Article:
This file contains Cabinet Office
memos, letters and briefing papers charting the development of Britain’s
policy on the use of nuclear weapons. Concerns are expressed about the ‘frightening nature and enormous power’ of this weapon and the effect it could have on ‘an uninformed and ignorant public’. ‘The free world must show that it is ready to retaliate immediately against any aggressor who starts global war
‘, reads one memorandum. Another briefing paper uses the ‘pat formula’ that any attack on Britain would involve ’20 bombs on 20 cities causing 20 million deaths’, to which an official adds that we should expect ‘all of the seriously injured to die’.
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Million plus in Europe‘s 60s generation of ageing drug addicts, report finds | Society | The Guardian.
More older people than ever are experiencing problems with drug addiction. Photograph: Lester Lefkowitz/Corbis
Keith Richards and Ozzy Osbourne may now be clean, but there are a hidden generation of ageing heroin users in their 50s and 60s who have not been able to kick the habit.
The European drugs agency say there are more than a million problem drug users aged over 40 across the EU, including 122,000 in Britain, who dent the widely held perception that drug use is a youth phenomenon.
“In reality, more older people than ever are reporting experience with drugs at some point in their lives and drug problems have no age limits,” said the annual report of the European monitoring centre for drugs and drug addiction, published today.
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Haunted houses: Got ghosts? A little daily exorcise should help – Telegraph.
via Haunted houses: Got ghosts? A little daily exorcise should help – Telegraph.
A couple is busy doing routine DIY tasks, when suddenly they put down their tools. A cacophony of banging is coming from upstairs. And that’s strange, because there’s no one else living in the house.
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The Royal Opera House is working in partnership with the Lowry on a major new exhibition about the history of The Royal Ballet, which will be on display at The Lowry in Salford from 22 October. The exhibition will also look at Salford artist L.S.Lowry’s involvement with ballet and how his appreciation of art, music and dance affected his work. Some previously unseen drawings, thought to have been influenced by his love of ballet, will be included in the exhibition, which will be part of The Lowry’s tenth anniversary celebrations.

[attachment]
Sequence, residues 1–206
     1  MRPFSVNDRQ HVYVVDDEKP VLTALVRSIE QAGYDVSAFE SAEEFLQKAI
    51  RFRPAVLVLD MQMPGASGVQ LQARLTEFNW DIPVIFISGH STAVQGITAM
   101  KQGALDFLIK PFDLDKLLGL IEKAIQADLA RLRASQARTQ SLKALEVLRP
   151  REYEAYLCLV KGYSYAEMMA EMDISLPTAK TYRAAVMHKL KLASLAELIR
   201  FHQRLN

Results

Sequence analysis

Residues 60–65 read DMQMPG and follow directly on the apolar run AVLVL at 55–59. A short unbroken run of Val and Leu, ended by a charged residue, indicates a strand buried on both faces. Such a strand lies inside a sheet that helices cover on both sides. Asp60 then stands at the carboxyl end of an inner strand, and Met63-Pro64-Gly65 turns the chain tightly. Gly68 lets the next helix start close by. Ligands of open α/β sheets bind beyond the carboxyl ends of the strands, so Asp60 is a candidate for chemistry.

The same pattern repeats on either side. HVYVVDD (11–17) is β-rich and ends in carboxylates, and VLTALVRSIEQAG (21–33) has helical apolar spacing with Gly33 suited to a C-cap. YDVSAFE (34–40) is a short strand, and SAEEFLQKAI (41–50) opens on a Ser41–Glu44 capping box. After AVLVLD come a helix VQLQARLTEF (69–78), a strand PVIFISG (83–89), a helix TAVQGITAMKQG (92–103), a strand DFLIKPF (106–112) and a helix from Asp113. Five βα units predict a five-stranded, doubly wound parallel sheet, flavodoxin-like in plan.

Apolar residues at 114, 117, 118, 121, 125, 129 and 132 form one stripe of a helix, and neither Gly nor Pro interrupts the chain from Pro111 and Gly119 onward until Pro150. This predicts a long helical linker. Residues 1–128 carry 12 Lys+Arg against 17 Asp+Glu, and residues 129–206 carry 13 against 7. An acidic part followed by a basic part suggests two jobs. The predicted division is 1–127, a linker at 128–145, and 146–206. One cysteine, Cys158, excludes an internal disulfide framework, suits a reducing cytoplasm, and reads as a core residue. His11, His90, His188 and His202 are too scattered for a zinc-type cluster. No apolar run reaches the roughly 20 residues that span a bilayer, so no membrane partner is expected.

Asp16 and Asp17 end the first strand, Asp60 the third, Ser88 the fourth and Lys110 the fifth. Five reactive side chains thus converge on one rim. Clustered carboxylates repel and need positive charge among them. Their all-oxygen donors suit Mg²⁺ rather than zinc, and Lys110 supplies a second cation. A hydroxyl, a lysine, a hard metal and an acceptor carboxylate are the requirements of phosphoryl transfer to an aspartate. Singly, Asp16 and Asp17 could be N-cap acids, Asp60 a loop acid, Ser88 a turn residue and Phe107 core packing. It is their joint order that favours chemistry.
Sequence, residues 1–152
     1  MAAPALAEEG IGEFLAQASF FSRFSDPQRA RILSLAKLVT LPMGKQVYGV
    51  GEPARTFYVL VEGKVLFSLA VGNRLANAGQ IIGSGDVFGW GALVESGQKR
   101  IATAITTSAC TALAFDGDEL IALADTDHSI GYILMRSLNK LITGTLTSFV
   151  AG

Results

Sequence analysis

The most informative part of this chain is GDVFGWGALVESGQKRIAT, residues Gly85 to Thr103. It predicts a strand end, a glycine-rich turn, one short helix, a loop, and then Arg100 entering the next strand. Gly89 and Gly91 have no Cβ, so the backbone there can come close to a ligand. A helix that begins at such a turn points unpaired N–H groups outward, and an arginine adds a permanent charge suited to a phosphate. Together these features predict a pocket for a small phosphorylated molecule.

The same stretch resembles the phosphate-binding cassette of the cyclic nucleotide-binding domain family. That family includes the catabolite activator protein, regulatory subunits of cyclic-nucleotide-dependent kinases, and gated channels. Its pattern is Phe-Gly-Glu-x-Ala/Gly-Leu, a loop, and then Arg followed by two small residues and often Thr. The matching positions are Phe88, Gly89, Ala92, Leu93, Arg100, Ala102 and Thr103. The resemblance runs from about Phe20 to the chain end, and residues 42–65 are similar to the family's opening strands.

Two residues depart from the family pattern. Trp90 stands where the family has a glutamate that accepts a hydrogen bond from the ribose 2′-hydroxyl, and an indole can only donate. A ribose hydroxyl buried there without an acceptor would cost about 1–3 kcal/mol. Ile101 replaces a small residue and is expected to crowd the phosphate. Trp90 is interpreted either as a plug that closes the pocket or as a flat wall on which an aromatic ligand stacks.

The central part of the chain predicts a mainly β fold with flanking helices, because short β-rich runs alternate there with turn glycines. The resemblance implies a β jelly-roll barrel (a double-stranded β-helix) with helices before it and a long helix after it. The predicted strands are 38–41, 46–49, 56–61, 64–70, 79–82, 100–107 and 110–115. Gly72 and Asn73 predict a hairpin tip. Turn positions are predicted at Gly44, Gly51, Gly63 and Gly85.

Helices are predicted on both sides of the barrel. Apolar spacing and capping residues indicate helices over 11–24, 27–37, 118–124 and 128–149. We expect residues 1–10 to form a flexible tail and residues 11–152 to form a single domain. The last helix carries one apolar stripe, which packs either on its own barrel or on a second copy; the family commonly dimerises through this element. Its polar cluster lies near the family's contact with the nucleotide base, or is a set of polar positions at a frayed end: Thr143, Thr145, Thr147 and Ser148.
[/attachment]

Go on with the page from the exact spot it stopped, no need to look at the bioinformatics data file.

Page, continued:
Image by UGArdener via Flickr. Wenlock Edge
Country diary: Wenlock Edge | Environment | The Guardian.
via Country diary: Wenlock Edge | Environment | The Guardian.
Robin in song on a branch, Photograph: Andrew Parkinson/ Andrew Parkinson/Corbis
The space is set for robins’ song. There’s an odd quiet which holds the texture of a cool breeze, soft light and a kind of absence. The swifts raced off weeks ago; now swallows and house martins have slipped away too. The warblers headed south for Africa and now the stay-at-homes rule the roost. But even they are moody.
A buzzard stirs around the sky letting out sharp mews, loosely aimed. Wood pigeons roll their fat little coos to each other in a tree above the old railway line, where lies the headless corpse of a sister who got in the way of a young peregrine testing her mettle. The long-tailed tits and yellowhammers stay close to the hedgetops, peeping out into corduroy fields on the leeward side.
In the woods atop old hazels under a thinning canopy of ash, along the lime avenue where high branches spread into the crowns, in gardens where hawthorns overhang the unworked edges – here are the robins. They have food, they have time and they have the advantage. Perhaps many of these robins will also move away, or it could be that those singing now have moved in from elsewhere.
Whether they are coming or going, they are certainly singing. Robin song is suited to cooler air, to mornings and evenings in spring and summer and the shorter day length later. It has a sharp-edged clarity, with liquid runs and etched phrases enhanced by the sounding woods. Here there is some leaf cover surrounding still, open, well-lit spaces which act as studios for the singing birds.
Robins have a reputation for ferocity with each other and a lack of fear with us. They also have a sweetness of song which reaches points where joy and melancholy merge. This is where the mood is shaped which, with the fragrance of leaf-rot and rain, fruits and earth, create what we feel as autumn.